KHARTOUM (Reuters) – Sudan said on Tuesday it was investigating the case of Sudanese men who were transferred to Libyan oil facilities after being hired as guards by an Emirati company.
Sudan’s foreign ministry said it was looking into the case after some of the men’s families gathered outside the ministry building in Khartoum to protest amid a heavy security presence.
The families also demonstrated outside the Emirati embassy in Khartoum on Tuesday for a second time.
Two protesters said their relatives had traveled to the United Arab Emirates to work for a security services company as guards.
They had then been transferred to Ras Lanuf oil terminal in Libya last week, before returning to the UAE after protests over their case in Sudan.
Ras Lanuf is one of the oil ports that has been blockaded since Jan. 18 by groups loyal to Khalifa Haftar, an eastern-based Libyan commander fighting to take control of the capital from the internationally recognised government.
The UAE is Haftar’s most important supporter in a conflict that has increasingly become a proxy war. Haftar is also supported by Egypt, Jordan and Russia, while his rivals are backed by Turkey.
The UAE has also been a prominent player in Sudan, where it has close ties to top military officials who toppled former President Omar al-Bashir last year after months of street protests.
Sudan sent troops to fight in the Saudi-led coalition in Yemen, in which the UAE also participated, though Sudan’s transitional government, which is sharing power with the military, has said it is drawing down its presence there.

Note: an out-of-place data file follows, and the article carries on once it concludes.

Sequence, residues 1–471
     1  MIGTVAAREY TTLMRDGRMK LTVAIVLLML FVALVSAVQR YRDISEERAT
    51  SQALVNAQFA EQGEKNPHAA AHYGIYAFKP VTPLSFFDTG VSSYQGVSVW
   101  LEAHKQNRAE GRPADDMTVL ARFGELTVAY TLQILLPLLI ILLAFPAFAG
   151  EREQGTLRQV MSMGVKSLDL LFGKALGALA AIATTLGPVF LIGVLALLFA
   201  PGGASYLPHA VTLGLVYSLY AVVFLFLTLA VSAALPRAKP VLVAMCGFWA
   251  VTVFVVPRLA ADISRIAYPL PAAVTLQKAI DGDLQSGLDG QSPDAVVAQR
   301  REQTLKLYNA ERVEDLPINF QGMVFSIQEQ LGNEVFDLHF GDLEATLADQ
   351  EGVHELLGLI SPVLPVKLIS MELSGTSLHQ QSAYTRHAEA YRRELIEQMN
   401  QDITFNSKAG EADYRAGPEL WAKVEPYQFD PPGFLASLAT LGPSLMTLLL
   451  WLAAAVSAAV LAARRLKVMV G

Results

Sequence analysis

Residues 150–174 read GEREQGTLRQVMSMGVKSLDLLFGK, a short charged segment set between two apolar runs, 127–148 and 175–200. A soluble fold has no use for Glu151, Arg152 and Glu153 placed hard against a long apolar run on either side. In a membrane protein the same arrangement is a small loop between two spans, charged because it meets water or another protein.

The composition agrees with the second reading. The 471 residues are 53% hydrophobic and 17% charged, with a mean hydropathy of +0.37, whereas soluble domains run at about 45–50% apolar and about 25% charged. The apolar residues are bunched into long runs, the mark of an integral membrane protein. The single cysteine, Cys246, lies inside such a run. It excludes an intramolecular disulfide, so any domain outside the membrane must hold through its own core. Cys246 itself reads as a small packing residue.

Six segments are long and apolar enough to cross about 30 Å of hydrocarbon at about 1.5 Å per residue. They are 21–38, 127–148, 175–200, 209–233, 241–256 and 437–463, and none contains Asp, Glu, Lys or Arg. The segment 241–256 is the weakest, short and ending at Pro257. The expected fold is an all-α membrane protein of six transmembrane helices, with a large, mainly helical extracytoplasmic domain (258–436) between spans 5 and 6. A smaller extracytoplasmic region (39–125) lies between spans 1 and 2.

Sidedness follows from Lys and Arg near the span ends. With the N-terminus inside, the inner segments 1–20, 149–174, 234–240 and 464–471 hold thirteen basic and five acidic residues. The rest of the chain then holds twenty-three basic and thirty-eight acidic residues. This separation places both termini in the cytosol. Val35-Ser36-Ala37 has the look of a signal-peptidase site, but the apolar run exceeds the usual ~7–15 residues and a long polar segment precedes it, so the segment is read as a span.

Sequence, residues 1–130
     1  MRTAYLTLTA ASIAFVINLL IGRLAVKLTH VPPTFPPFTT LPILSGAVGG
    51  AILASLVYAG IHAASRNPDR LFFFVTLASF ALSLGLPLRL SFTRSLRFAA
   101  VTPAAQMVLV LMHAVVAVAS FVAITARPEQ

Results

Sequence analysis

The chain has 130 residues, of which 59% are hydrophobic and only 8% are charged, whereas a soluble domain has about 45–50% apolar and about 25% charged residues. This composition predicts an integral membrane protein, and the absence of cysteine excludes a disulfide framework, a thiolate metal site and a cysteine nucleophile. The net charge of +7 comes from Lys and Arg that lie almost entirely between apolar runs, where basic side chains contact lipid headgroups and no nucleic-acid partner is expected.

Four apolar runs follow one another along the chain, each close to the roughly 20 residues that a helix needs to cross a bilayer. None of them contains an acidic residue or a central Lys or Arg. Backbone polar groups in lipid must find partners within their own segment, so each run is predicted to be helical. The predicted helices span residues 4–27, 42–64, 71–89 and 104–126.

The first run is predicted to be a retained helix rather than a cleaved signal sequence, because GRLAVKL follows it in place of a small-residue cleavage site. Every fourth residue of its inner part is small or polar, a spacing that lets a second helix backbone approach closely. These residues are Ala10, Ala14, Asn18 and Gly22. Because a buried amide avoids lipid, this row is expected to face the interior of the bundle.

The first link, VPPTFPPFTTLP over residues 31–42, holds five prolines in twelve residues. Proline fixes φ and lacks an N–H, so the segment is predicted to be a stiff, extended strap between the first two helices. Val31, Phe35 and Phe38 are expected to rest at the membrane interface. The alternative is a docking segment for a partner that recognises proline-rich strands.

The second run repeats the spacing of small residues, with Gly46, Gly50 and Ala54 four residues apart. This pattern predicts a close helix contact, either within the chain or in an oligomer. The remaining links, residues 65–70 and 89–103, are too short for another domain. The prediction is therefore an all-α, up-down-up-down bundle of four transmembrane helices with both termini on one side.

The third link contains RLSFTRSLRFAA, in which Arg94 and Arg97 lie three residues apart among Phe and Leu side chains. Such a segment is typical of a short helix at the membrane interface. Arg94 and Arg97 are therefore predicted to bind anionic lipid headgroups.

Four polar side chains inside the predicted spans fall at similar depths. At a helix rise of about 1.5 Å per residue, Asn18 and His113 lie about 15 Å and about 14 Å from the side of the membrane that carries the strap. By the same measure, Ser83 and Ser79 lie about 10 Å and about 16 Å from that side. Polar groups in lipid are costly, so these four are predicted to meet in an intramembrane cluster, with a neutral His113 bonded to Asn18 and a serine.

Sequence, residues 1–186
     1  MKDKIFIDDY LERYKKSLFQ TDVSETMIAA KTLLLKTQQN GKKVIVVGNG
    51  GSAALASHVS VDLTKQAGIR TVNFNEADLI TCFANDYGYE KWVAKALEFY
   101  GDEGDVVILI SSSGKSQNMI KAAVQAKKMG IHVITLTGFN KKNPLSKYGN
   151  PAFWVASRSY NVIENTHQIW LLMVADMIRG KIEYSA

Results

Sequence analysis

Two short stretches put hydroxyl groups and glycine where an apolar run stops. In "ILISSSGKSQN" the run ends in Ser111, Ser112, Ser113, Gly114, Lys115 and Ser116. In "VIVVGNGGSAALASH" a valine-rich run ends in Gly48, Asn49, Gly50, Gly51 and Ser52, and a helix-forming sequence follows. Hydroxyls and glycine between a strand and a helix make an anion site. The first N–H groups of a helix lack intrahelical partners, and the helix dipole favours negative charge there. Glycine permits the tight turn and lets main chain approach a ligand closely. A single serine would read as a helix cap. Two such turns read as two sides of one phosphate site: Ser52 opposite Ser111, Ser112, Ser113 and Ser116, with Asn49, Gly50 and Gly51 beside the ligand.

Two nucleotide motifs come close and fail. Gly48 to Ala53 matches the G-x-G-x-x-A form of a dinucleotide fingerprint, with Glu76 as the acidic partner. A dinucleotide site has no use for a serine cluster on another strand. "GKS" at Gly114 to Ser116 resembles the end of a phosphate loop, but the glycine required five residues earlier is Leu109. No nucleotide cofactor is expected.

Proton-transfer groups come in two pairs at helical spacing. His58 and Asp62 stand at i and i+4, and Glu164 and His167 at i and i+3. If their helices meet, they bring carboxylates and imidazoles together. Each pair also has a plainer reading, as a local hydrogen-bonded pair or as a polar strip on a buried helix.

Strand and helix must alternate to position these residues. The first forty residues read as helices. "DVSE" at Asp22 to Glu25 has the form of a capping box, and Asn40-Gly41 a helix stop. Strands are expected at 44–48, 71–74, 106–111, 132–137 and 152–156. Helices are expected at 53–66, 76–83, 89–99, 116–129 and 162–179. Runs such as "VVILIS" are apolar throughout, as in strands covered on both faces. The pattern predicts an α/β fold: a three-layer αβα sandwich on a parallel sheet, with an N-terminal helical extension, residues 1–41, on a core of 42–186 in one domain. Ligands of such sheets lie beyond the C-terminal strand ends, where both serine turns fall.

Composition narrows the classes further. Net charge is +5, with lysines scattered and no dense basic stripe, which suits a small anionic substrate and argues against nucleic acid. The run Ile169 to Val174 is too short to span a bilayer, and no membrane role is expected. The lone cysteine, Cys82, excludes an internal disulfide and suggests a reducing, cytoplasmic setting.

Sudan’s foreign ministry said it was working with Emirati authorities to investigate the case of guards transferred to Libyan oil facilities despite being hired on contracts that made no mention of such work.
Emirati officials did not immediately respond to a request for comment.
Libya has been divided since 2014 into rival camps based in Tripoli and the east, both with their own sets of institutions.
Foreign fighters and guards including many from Sudan have been used by both sides in Libya, as they have struggled to control territory and strategic sites including oil ports and fields across the country’s vast landmass.
The oil blockade has caused Libya’s production to plunge from about 1.2 million barrels per day (bpd) to less than 300,000 bpd.
Reporting by Khalid Abdelaziz; Writing by Aidan Lewis; Editing by Lisa Shumaker